reversing for failure to ever admonish jury during voir dire or at any other timeSummary of this case from U.S. v. Lashley
Submitted November 11, 1980.
Decided December 29, 1980.
R. Kristin Weaver, Clayton, Mo., for appellant.
Edward L. Dowd, Jr., Asst. U.S. Atty., St. Louis, Mo., for appellee.
Appeal from the United States District Court for the Eastern District of Missouri.
Williams appeals his conviction of distributing cocaine in violation of 21 U.S.C. § 841(a)(1). Williams does not challenge the sufficiency of the evidence supporting his guilt. The sole issue on appeal concerns the trial court's allowing the jury to separate during its deliberation without admonishing it not to discuss the case with other jurors or anyone outside the jury room, or read or listen to anything about the trial. We reverse the conviction and remand for a new trial.
In the present case all of the evidence and instructions were given to the jury in one day. The case was submitted to the jury at 5:05 p. m. Approximately one hour later the jury informed the court it was hopelessly deadlocked. Both the government and the attorney for the defendant requested that the jury continue their deliberations. At approximately 7:30 p.m., the jury sent word to the court that it wanted to go home. The court instructed the bailiff to send the jury home and have it return at 9:30 a.m. No court reporter was present. The defendant argues that the court failed to admonish the jury not to discuss the case outside the jury room. Defense counsel made no objection to the separation or the lack of an admonition. In the morning after deliberating for 25 minutes, the jury returned its verdict of guilty. The defendant received a 15 year sentence.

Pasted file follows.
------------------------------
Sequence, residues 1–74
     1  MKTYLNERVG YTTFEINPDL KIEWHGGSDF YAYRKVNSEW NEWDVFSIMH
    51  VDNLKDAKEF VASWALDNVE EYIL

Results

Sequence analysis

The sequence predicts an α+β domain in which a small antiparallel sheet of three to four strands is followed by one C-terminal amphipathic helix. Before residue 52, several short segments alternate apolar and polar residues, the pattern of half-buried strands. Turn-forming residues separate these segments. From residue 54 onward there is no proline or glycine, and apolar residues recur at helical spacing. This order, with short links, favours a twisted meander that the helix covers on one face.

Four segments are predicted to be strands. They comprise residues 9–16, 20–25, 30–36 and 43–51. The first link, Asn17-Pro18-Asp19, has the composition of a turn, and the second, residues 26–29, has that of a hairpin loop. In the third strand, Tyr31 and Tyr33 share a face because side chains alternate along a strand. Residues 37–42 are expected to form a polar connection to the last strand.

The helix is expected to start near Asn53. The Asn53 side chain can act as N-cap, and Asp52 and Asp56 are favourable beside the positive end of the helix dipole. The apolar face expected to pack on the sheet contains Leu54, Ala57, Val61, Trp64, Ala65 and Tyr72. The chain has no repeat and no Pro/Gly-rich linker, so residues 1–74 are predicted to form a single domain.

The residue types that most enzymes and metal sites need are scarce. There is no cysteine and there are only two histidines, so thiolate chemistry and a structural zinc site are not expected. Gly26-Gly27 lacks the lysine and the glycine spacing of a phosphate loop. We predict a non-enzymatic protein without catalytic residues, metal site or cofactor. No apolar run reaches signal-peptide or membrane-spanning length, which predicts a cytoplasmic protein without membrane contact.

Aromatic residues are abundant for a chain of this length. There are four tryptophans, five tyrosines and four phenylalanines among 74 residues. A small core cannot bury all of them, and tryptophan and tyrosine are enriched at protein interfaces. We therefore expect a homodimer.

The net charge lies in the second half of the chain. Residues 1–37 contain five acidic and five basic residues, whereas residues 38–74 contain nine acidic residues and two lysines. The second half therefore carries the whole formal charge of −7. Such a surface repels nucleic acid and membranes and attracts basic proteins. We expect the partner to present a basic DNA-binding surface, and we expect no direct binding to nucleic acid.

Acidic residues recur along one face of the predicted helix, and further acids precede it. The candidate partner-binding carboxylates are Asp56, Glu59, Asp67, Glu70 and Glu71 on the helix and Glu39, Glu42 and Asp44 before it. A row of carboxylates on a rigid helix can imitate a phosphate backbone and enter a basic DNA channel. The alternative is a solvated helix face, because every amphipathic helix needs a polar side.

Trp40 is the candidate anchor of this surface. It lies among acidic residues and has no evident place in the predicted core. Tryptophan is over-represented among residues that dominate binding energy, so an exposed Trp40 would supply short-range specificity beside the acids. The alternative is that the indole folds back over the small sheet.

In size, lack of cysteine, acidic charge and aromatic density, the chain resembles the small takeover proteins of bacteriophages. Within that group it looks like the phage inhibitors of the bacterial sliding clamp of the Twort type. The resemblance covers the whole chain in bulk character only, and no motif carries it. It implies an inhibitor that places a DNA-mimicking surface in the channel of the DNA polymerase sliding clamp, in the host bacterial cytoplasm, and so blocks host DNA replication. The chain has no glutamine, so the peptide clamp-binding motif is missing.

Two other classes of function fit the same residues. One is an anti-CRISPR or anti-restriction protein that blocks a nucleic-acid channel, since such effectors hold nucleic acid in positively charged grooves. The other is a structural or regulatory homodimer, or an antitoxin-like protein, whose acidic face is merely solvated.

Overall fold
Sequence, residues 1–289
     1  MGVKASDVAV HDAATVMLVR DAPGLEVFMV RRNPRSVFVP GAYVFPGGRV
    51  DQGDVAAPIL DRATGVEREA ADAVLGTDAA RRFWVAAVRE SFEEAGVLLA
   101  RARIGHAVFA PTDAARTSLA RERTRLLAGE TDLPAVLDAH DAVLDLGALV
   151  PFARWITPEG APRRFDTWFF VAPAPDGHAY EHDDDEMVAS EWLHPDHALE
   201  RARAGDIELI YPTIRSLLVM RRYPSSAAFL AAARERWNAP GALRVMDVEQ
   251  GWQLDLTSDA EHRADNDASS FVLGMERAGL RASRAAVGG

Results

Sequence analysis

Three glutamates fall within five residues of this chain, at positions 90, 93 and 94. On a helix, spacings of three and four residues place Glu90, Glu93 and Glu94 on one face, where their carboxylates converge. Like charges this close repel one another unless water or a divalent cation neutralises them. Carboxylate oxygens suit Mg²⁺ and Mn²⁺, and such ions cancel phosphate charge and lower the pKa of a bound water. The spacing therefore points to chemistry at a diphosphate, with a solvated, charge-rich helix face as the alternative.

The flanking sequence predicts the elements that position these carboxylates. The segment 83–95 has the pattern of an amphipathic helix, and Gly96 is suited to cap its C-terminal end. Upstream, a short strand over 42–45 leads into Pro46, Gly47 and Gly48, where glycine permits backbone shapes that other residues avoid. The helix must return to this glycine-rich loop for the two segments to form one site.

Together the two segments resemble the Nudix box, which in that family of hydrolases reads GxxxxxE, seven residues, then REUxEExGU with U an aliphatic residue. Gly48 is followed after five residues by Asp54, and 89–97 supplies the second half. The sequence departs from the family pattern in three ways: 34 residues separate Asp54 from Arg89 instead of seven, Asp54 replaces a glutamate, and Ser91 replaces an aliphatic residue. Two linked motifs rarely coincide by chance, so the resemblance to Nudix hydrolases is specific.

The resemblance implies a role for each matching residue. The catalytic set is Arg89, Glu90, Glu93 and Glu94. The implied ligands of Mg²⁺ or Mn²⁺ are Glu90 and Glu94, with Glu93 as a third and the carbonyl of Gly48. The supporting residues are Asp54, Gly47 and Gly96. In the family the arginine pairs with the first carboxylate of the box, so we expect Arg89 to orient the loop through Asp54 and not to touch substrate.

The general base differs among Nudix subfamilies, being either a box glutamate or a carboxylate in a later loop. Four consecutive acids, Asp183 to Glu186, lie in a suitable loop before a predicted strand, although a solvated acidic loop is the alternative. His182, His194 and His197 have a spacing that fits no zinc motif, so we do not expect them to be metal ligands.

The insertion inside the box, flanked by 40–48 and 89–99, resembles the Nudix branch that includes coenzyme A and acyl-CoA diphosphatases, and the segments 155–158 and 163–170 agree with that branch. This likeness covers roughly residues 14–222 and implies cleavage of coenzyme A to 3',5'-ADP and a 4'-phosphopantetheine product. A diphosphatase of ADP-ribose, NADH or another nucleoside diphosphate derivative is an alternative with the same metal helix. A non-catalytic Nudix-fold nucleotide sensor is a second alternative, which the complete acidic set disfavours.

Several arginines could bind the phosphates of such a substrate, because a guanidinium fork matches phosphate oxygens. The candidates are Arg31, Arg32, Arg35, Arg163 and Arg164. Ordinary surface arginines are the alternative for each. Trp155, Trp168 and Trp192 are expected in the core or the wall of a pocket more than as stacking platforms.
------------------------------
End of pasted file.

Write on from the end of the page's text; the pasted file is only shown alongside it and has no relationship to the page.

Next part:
Our decisions accord the trial court considerable discretion to separate a jury before it has reached a verdict. United States v. Phillips, 540 F.2d 319, 332 (8th Cir.), cert. denied, 429 U.S. 1000, 97 S.Ct. 530, 50 L.Ed.2d 611 (1976); Cardarella v. United States, 375 F.2d 222, 227-28 (8th Cir. 1967). The difficulty in this case is that the record reflects no admonition to the jury at the time of separation as to their duties and responsibilities when not in court. There is no record of a cautionary instruction being given to the jury before hearing the evidence, before recess or lunchtime, or, more significantly, before separating for the evening. The United States Attorney concedes that the transcript includes all instructions and that no admonition was ever given to the jury during voir dire or at any other time.
In Hines v. United States, 365 F.2d 649 (10th Cir. 1966), the court stated:
Procedures have developed over the years to protect the jury in its deliberations from any interference. While the jury is together it is under the protection of officials of the court and is provided facilities of varying degrees of seclusion. The possibility of interference, deliberate or inadvertent, is, of course, increased when the jury separates. Reason dictates however that the jury be allowed to separate under the proper circumstances, and the best that then can be done is to admonish the members. The trial court must be guided in its action by a comparison of the alternatives in the light of the circumstances surrounding the trial and parties. Both the defendant and the public have an interest that risks be not unnecessarily created. These interests must both be considered by the trial court.
Id. at 651.
In United States v. D'Antonio, 342 F.2d 667 (7th Cir. 1965), the bailiff, rather than the judge, allegedly admonished the jury. The court stated: